Despite his condition and the fact that, after having spent the better part of a decade in the Near East, he had clearly lost his enthusiasm, Rawlinson and others tried to urge him to continue and had raised private funds for the purpose. But Layard was determined to return home and could not be swayed. He returned to Mosul where he handed over responsibility for continued excavation at Küyünjik to a young man named Bell who had come to replace Cooper as artist. He supervised the loading of the last consignment of cases and wrote his final account of the excavations for the British Museum. As he took one last tour through its rooms and corridors, he had every reason to be proud of himself:
Such were the discoveries in the ruined palace of Sennacherib at the time of my departure for Europe. In this magnificent edifice I had opened no less than seventy-one halls, chambers and passages, whose walls, almost without an exception, had been panelled with slabs of sculptured alabaster recording the wars, the triumphs, and the great deeds of the Assyrian king. By rough calculation, about 9880 feet, or nearly two miles, of reliefs, with twenty-seven portals, formed by colossal winced bull and lion-sphinxes, were uncovered in that part alone of the build explored during my researches. The greatest length of the excavations was about 720 feet the greatest breadth about 600 feet. The pavement of the chambers was from 20 to 35 feet below the surface of the mound.
A glance at the general plan will show that only part of the palace has been explored, and that much still remains underground of this enormous structure. Since my return to Europe other rooms and sculptures have been discovered. Both to the north and to the east of the ruins comprised in the plan, I had found traces of chambers, and the fragments of has-reliefs. The excavations having been carried to the very edge of the mound to the south and the west, nothing, of course, remains to be discovered on those sides. How far any of the unexplored part of the palace may still he preserved, it is of course impossible to conjecture.
Layard went on to have a long and colourful career, serving as an MP until 1869 and becoming a highly respected and effective politician-in 1861 he became Vice-Minister for Foreign Affairs. In 1855 he had been one of the founders of the Ottoman Bank and became its chairman of the board—from then on, he was financially independent. He spent his holidays in Italy and where he enthusiastically pursued his passion for Italian art-he headed the Arundel Society dedicated to its protection and took a special interest in the fate of Venice. After the death of her husband in 1853, Charlotte Guest decided to marry the her son's teacher, a man 14 years younger than herself—Layard did not approve and there followed a rift between the two. After a few years, the pair seem to have patched things up but they fell out again in 1869 when the 55 year-old Layard proposed marriage to her 25 year-old daughter, Enid.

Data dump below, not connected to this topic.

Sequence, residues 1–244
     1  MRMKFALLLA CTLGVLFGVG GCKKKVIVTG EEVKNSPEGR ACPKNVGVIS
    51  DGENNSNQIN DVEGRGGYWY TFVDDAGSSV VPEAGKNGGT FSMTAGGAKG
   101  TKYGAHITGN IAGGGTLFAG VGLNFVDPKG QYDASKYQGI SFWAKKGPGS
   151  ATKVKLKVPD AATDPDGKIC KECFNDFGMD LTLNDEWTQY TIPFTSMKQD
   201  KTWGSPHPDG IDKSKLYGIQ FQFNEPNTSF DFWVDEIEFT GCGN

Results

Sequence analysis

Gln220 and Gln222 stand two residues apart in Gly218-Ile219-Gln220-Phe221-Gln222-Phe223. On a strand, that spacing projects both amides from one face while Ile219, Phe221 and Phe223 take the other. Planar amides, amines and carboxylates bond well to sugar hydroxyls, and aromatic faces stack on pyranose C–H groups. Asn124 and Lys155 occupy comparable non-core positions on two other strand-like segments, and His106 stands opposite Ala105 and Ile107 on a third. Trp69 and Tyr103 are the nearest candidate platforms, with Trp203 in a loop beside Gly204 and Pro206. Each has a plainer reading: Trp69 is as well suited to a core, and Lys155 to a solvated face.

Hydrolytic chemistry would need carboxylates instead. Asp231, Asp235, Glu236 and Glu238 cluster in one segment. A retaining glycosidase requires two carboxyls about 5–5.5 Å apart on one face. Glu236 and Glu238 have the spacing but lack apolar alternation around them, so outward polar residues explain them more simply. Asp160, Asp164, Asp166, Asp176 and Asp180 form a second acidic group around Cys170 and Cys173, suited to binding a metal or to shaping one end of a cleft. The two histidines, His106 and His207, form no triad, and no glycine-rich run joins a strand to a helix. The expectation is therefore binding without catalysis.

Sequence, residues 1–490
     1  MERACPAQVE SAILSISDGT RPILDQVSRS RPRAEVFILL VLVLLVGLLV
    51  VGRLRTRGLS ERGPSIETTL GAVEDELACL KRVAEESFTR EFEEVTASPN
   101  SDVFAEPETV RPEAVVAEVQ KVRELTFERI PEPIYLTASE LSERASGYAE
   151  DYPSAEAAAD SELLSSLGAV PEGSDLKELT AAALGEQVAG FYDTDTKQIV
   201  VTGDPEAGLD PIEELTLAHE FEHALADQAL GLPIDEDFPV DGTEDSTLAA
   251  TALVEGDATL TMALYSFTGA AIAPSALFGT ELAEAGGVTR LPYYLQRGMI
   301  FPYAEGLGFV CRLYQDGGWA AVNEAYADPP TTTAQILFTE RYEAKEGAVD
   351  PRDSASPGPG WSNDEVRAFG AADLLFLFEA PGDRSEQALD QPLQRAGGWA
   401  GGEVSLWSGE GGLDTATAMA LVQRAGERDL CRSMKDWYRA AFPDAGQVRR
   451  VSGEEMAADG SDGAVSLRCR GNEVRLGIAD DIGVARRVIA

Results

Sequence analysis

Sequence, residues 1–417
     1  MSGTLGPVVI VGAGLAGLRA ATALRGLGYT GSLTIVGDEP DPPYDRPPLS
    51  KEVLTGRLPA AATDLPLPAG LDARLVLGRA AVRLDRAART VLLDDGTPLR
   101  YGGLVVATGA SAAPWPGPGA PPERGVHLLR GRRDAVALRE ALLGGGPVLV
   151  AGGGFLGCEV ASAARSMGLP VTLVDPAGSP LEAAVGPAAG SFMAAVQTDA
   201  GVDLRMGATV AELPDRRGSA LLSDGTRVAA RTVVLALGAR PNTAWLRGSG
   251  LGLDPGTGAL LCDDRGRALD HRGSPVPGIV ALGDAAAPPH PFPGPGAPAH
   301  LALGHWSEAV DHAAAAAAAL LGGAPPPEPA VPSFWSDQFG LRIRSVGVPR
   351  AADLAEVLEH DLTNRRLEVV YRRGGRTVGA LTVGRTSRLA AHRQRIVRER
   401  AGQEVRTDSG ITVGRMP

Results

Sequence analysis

He served as ambassador to Spain from 1869-77 and then as ambassador to Turkey, thus taking over the post that Canning had held all those years ago.
After his retirement in 1884, he moved to Venice where he and Enid shared a palazzo on the Grand Canal. He fell ill there in 1894 and returned to England where he died on July 5. After his death, his wife presented his papers to the British Library—but was very careful to remove all of the correspondence between Layard and her mother.
|Larsen, Mogens T.||(1994)||The Conquest of Assyria|
|Layard, Austen Henry||(1849)||Nineveh and Its Remains|
|(1849-53)||The Monuments of Nineveh|
|(1853)||Discoveries in the Ruins of Nineveh and Babylon|
|(1893)||Early Adventures in Persia, Susiana and Babylonia|
|Waterfield, G.||(1962)||Layard of Nineveh|